Excerpt from the United States Department of State Daily Press Briefing:
QUESTION: Okay. All right. And I got one more that also may have come up yesterday, apologies if it did - you can ignore it if it did - and that is, I think it was yesterday at the UN Security Council there was some talk and discussion about using drones in Congo --
MS. NULAND: Mm-hmm.
QUESTION: -- and the fact that the UN mission there wants them. Does the U.S. have a position on this, or are you willing to lend them some, if they so wish?
MS. NULAND: We do. First of all, let me just say that at the end of his trip David Hale will - he's going to end up back in Amman where he's going to see Quartet and envoys. I bungled that --
MS. NULAND: That's on - that's tomorrow. On Thursday.
QUESTION: There's a Quartet meeting in Amman?
MS. NULAND: In Amman.
QUESTION: Envoy meeting.
MS. NULAND: Envoy meeting at the David Hale level.
So, on the drone issue --
QUESTION: Still on --
MS. NULAND: Sorry?
QUESTION: (Inaudible) the Quartet?
MS. NULAND: Sorry?
QUESTION: Tomorrow in Amman?
MS. NULAND: Tomorrow in Amman. So I bungled this six-ways from Sunday.
We started in Jerusalem, we went to Amman, now he's in Cairo, and then he goes back to Amman for Quartet tomorrow.
So on to Matt's question about the drone idea. This is the idea that the UN peacekeeping authorities are putting forward to have unarmed UAVs participate in peacekeeping missions. This would only happen with the consent of the country or the countries where the mission would operate, and their use would not impact in any way on sovereignty. Again, they would be unarmed and they would only be carrying photographic equipment.
The United States does support the UN's proposal to use unarmed, unmanned aerial vehicles, for example in the democratic Republic of Congo to increase the surveillance capacity of the UN peacekeeping operation MONUSCO there. The DRC Government has also welcomed the UN's request. We're also looking at other missions where this might be possible. We think that building on MONUSCO's surveillance capacity will better enable it to protect civilians, and will support the efforts of the DRC to restore stability in the eastern part of the country.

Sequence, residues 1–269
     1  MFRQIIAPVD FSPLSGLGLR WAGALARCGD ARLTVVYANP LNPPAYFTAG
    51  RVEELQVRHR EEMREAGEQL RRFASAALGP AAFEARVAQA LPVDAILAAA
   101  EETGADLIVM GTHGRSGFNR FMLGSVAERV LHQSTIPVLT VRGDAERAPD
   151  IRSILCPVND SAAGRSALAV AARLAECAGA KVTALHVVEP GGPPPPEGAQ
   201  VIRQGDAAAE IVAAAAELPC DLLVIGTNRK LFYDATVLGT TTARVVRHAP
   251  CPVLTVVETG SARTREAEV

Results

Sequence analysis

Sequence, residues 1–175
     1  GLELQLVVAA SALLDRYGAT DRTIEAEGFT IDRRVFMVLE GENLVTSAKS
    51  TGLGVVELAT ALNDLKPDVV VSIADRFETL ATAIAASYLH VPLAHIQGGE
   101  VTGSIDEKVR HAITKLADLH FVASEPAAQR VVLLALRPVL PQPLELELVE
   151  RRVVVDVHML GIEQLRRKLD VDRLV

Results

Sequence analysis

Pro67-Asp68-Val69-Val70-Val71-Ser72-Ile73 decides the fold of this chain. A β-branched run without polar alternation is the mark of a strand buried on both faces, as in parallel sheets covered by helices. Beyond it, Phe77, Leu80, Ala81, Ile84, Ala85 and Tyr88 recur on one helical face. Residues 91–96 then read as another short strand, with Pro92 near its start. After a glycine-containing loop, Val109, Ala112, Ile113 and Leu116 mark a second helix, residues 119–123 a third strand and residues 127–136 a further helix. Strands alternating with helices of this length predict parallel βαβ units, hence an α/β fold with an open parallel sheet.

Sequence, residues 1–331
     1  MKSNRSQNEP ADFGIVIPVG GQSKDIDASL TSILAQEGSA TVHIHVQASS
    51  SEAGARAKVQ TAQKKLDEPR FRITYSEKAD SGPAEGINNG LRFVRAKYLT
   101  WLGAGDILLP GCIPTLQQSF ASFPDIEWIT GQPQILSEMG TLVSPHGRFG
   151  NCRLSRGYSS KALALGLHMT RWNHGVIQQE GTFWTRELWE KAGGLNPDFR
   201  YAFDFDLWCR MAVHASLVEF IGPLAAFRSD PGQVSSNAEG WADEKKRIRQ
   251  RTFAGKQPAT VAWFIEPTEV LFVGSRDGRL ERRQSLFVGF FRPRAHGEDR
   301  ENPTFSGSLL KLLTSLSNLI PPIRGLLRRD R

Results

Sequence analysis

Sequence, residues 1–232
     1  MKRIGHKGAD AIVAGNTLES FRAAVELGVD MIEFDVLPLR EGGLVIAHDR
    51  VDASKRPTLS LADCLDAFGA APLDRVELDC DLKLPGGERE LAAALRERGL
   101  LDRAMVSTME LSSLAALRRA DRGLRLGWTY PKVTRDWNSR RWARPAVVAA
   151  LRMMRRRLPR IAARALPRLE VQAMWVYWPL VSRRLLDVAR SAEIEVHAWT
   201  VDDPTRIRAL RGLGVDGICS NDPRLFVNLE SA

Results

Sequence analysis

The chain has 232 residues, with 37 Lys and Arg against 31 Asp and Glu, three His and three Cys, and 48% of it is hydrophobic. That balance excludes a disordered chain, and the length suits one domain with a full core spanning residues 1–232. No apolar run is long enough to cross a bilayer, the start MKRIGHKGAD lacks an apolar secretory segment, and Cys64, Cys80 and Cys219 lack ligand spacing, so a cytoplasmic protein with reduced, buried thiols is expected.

QUESTION: All right. And when we're talking about - the kind of drones we're talking about are the kind of drone like the ones that we saw in Uganda, right? When the Secretary was visiting Ghana, they're not much bigger than a remote control model airplane --
MS. NULAND: Right.
QUESTION: -- that someone might have. They're not - even if they're unarmed - they're not these enormous things that people come to think of when they think of drones.
MS. NULAND: Well, the idea from the UN's perspective obviously is for this to be for photo surveillance, so you want to make it as cost effective --
QUESTION: Right. But I'm talking about these wee, little ones.
MS. NULAND: -- as possible. So you generally go for the small - right.
They're not - maybe not this big but --
QUESTION: Yeah. Right. Okay.
QUESTION: Whatever happened to the Secretary's idea that she brought up in Uganda about using U.S. drones possibly to find - to help - try and help find Joseph Kony?
MS. NULAND: Well, again, if we can move forward on this UN proposal to use drones, then that could be another place where they might be useful, the unarmed, unmanned.
QUESTION: Who would be operating them? Who - under whose control would they come?
MS. NULAND: Well, they can be offered by a nation. They can also be contracted services that are paid for through UN voluntary contributions. So there are any number of ways that this can be done and that it has been done in different parts of the world.
QUESTION: But who would actually operate and send them out on missions?
MS. NULAND: Again, it would be under the overall mission control of MONUSCO if you did it in the DRC, but likely the operators would be contracted.
MS. NULAND: Oh, sorry, poor Guy in the back, go ahead.
QUESTION: I'm sorry, I just wanted to follow up on the little discussion there about the drones in Africa, and see if you could give a little bit more detail. I think that you said that there are other corners of the world, or there are other countries where this is - this arrangement has already been made, where companies have been contracted to do this.
Could you give us an example of where else that's happening?
MS. NULAND: Well, not as a part of UN peacekeeping, but there are plenty of examples of military engagement where contracted drones have been used to enhance surveillance, particularly these unarmed/unmanned ones.
I'll send you to the Pentagon for any further detail on the kinds of places. But the U.S. military contracts these kinds of things as well as having our own, as do many other countries around the world.
All right. Thank you very much.
(The briefing was concluded at 1:35 p.m.)